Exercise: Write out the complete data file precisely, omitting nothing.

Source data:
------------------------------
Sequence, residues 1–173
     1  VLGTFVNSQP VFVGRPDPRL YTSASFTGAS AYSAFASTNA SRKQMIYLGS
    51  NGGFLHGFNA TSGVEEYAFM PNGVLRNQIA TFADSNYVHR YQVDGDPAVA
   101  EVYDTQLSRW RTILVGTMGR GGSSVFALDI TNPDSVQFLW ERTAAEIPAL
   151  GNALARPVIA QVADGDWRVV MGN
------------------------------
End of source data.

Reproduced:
Sequence, residues 1–173
     1  VLGTFVNSQP VFVGRPDPRL YTSASFTGAS AYSAFASTNA SRKQMIYLGS
    51  NGGFLHGFNA TSGVEEYAFM PNGVLRNQIA TFADSNYVHR YQVDGDPAVA
   101  EVYDTQLSRW RTILVGTMGR GGSSVFALDI TNPDSVQFLW ERTAAEIPAL
   151  GNALARPVIA QVADGDWRVV MGN